2001 AMC 12 Problems/Problem 22


In rectangle $ABCD$, points $F$ and $G$ lie on $AB$ so that $AF=FG=GB$ and $E$ is the midpoint of $\overline{DC}$. Also, $\overline{AC}$ intersects $\overline{EF}$ at $H$ and $\overline{EG}$ at $J$. The area of the rectangle $ABCD$ is $70$. Find the area of triangle $EHJ$.

$\text{(A) }\frac {5}{2} \qquad \text{(B) }\frac {35}{12} \qquad \text{(C) }3 \qquad \text{(D) }\frac {7}{2} \qquad \text{(E) }\frac {35}{8}$

[asy] unitsize(0.5cm); defaultpen(0.8); pair A=(0,0), B=(10,0), C=(10,7), D=(0,7), E=(C+D)/2, F=(2*A+B)/3, G=(A+2*B)/3; pair H = intersectionpoint(A--C,E--F); pair J = intersectionpoint(A--C,E--G); draw(A--B--C--D--cycle); draw(G--E--F); draw(A--C); label("$A$",A,SW); label("$B$",B,SE); label("$C$",C,NE); label("$D$",D,NW); label("$E$",E,N); label("$F$",F,S); label("$G$",G,S); label("$H$",H,SE); label("$J$",J,ESE); filldraw(E--H--J--cycle,lightgray,black); draw(H--D, dashed); [/asy]

Solution 1

Note that the triangles $AFH$ and $CEH$ are similar, as they have the same angles. Hence $\frac {AH}{HC} = \frac{AF}{EC} = \frac 23$.

Also, triangles $AGJ$ and $CEJ$ are similar, hence $\frac {AJ}{JC} = \frac {AG}{EC} = \frac 43$.

We can now compute $[EHJ]$ as $[ACD]-[AHD]-[DEH]-[EJC]$. We have:

  • $[ACD]=\frac{[ABCD]}2 = 35$.
  • $[AHD]$ is $2/5$ of $[ACD]$, as these two triangles have the same base $AD$, and $AH$ is $2/5$ of $AC$, therefore also the height from $H$ onto $AD$ is $2/5$ of the height from $C$. Hence $[AHD]=14$.
  • $[HED]$ is $3/10$ of $[ACD]$, as the base $ED$ is $1/2$ of the base $CD$, and the height from $H$ is $3/5$ of the height from $A$. Hence $[HED]=\frac {21}2$.
  • $[JEC]$ is $3/14$ of $[ACD]$ for similar reasons, hence $[JEC]=\frac{15}2$.

Therefore $[EHJ]=[ACD]-[AHD]-[DEH]-[EJC]=35-14-\frac {21}2-\frac{15}2 = \boxed{3}$.

Solution 2

As in the previous solution, we note the similar triangles and prove that $H$ is in $2/5$ and $J$ in $4/7$ of $AC$.

We can then compute that $HJ = AC \cdot \left( \frac 47 - \frac 25 \right) = AC \cdot \frac{6}{35}$.

As $E$ is the midpoint of $CD$, the height from $E$ onto $AC$ is $1/2$ of the height from $D$ onto $AC$. Therefore we have $[EHJ] = \frac{6}{35} \cdot \frac 12 \cdot [ACD] = \frac 3{35} \cdot 35 = \boxed{3}$.

Solution 3

Because we see that there are only lines and there is a rectangle, we can coordbash (place this figure on coordinates). Because this is a general figure, we can assume the sides are $7$ and $10$ (or any other two positive real numbers that multiply to 70). We can find $H$ and $J$ by intersecting lines, and then we calculate the area of $EHJ$ using shoelace formula. This yields $\boxed{3}$.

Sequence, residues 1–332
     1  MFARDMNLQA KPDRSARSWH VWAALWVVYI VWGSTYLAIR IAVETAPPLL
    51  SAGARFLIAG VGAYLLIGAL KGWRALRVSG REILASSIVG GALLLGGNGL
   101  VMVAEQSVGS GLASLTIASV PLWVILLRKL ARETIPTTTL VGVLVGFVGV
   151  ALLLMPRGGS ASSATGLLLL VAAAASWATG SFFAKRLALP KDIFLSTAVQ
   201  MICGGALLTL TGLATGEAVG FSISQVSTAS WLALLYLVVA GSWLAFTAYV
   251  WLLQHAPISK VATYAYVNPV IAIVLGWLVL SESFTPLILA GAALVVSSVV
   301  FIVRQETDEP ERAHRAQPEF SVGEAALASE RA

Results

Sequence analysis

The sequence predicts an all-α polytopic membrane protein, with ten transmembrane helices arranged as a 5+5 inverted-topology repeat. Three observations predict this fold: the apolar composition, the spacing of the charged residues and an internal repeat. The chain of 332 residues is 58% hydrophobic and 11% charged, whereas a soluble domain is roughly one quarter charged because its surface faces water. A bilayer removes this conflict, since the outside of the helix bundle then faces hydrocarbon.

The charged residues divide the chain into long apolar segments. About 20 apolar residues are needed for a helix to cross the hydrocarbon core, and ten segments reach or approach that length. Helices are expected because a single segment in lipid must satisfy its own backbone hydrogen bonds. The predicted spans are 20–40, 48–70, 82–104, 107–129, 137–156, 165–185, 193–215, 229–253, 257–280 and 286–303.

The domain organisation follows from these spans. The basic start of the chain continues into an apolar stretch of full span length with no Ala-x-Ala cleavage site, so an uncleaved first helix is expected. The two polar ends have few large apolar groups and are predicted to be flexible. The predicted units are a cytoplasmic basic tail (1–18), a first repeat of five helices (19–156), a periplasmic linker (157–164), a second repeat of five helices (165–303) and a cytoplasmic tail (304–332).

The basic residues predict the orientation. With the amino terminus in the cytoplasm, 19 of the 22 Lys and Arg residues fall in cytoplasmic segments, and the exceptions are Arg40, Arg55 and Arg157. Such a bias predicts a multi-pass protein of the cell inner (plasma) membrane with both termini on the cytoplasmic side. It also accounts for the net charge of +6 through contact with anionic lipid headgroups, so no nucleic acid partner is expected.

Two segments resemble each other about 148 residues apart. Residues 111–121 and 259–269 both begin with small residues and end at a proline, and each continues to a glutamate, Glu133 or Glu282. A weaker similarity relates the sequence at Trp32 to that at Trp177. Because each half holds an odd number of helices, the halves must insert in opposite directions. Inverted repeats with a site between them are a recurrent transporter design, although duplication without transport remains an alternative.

Solution 4

Note that triangle $AFH$ is similar to triangle $CEH$ with ratio $\frac{2}{3}$. Similarly, triangle $AGJ$ is similar to triangle $ECJ$ with ratio $\frac{4}{3}$. Thus, if $AC = a$ then we know that $AH = \frac{2}{5}a$ and $JC = \frac{3}{7}a$ meaning $HJ = \frac{6}{35}a$ and thus the ratio of $HJ$ to $JC$ is $\frac{\frac{6}{35}}{\frac{3}{7}} = \frac{2}{5}$ which equals the ratio of the areas of $HJE$ to $JEC$. If $y = AD, x = DC$, then we know that $JEC = \text{(altitude from J to EC)} \cdot EC = \frac{3}{7}y \cdot \frac{1}{2}x \cdot \frac{1}{2}$ and since $xy = 70$ and we want to find $\frac{2}{5}$ of this, we get our answer is $\frac{2}{5} \cdot \frac{3}{7} \cdot \frac{1}{2} \cdot 70 \cdot \frac{1}{2} = \boxed{3}$. -SuperJJ

Solution 5

$[CEF] = \frac{[ABCD]}{4} = \frac{35}{2}$

$\triangle CEH \sim \triangle AFH$, $\frac{HE}{HF} = \frac{CE}{AF} = \frac{3}{2}$, $\frac{HE}{EF} = \frac{3}{5}$

$[CEH] = \frac{HE}{EF} \cdot [CEF] = \frac{3}{5} \cdot \frac{35}{2} = \frac{21}{2}$

$\triangle CEH \sim \triangle AFH$, $\frac{AH}{HC} = \frac{AF}{CE} = \frac{2}{3}$, $\frac{AH}{AC} = \frac{2}{5}$, $\frac{CH}{AC} = \frac{3}{5}$

$\triangle CEJ \sim \triangle AGJ$, $\frac{AJ}{JC} = \frac{AG}{CE} = \frac{4}{3}$, $\frac{AJ}{AC} = \frac{4}{7}$

$\frac{HJ}{AC} = \frac{AJ}{AC} - \frac{AH}{AC} = \frac{4}{7} - \frac{2}{5} = \frac{6}{35}$

$\frac{HJ}{CH} = \frac{HJ}{AC} \cdot \frac{AC}{CH} = \frac{6}{35} \cdot \frac{5}{3} = \frac{2}{7}$

$[EHJ] = \frac{HJ}{CH} \cdot [CEH] = \frac{2}{7} \cdot \frac{21}{2} = \boxed{\textbf{(C) }3}$


See Also

2001 AMC 12 (ProblemsAnswer KeyResources)
Preceded by
Problem 21
Followed by
Problem 23
1 2 3 4 5 6 7 8 9 10 11 12 13 14 15 16 17 18 19 20 21 22 23 24 25
All AMC 12 Problems and Solutions

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